608 Computational Design of Multifunctional Lattice Materials

Fernando Fraternali, University of Salerno
Vitali F. Nesterenko, University of California, San Diego
Julian J. Rimoli, Georgia Institute of Technology
Robert E. Skelton, Texas A&M
The nascent, rapidly growing field of mechanical and acoustic metamaterials is attracting increasing attention from many research sectors - including acoustics, aerospace and mechanical engineering, medical diagnosis and remote sensing, sound and heat control. This is due to the great technological potential of unconventional materials with properties mainly derived from their geometric design and tunable interaction forces between elements, rather than from their chemical composition.
Ordinary engineering materials typically exhibit either elastic stiffening (e.g., crystalline solids), or elastic softening (e.g., foams). For example, the geometrically nonlinear response of structural lattices based on tensegrity units (e.g., tensegrity prisms), may gradually change their elastic response from stiffening to softening through the modification of mechanical, geometrical, and prestress variables. Tensegrity structures are prestressable truss structures, which are obtained by connecting compressive members (bars or struts) through the use of pre-stretched tensile elements (cables or strings).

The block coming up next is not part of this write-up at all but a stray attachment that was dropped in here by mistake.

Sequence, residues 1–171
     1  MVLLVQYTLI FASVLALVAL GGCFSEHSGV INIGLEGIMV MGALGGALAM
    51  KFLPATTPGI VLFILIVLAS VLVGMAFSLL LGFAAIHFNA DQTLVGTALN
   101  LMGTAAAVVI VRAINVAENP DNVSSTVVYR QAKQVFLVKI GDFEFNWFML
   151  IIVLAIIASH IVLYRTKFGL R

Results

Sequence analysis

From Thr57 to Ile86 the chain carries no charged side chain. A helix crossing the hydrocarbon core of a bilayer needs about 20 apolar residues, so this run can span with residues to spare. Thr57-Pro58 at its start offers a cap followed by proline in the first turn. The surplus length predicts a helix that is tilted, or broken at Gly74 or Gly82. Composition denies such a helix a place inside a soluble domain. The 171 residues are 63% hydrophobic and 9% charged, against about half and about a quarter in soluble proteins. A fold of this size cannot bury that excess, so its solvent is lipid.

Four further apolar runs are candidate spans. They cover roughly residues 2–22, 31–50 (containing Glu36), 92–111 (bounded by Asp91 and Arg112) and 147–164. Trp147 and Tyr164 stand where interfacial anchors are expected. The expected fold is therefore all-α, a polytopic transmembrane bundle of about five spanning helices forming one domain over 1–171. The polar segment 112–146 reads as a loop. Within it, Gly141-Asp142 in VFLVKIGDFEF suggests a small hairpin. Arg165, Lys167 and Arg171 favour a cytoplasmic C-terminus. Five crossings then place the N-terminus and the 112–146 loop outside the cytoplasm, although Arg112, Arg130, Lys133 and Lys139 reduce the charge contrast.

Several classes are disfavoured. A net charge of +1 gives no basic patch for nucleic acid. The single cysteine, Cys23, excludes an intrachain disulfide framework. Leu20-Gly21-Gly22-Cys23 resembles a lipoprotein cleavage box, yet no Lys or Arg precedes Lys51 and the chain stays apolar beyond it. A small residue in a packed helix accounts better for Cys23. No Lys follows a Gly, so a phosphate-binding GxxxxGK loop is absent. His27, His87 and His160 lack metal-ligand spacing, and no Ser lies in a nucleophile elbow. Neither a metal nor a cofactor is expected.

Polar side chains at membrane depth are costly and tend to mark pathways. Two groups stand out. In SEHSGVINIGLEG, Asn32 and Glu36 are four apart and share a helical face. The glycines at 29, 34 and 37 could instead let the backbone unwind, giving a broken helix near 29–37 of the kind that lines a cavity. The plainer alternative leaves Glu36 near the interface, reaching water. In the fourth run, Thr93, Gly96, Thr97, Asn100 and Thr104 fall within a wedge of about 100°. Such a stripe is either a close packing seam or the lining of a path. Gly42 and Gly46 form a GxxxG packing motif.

The focus of the present Symposium is on the computational design of novel tunable, multifunctional lattice materials at the nano-, micro- and macro-scales, and their development in engineering fields where current knowledge of such systems is consolidated or only partial. We also welcome contributions on general architecture lattice structures or other types of discrete systems whose mechanical (elastic and dissipative) properties can be customized by changing geometry, connectivity, or prestress, more or less independently from the properties of the bulk.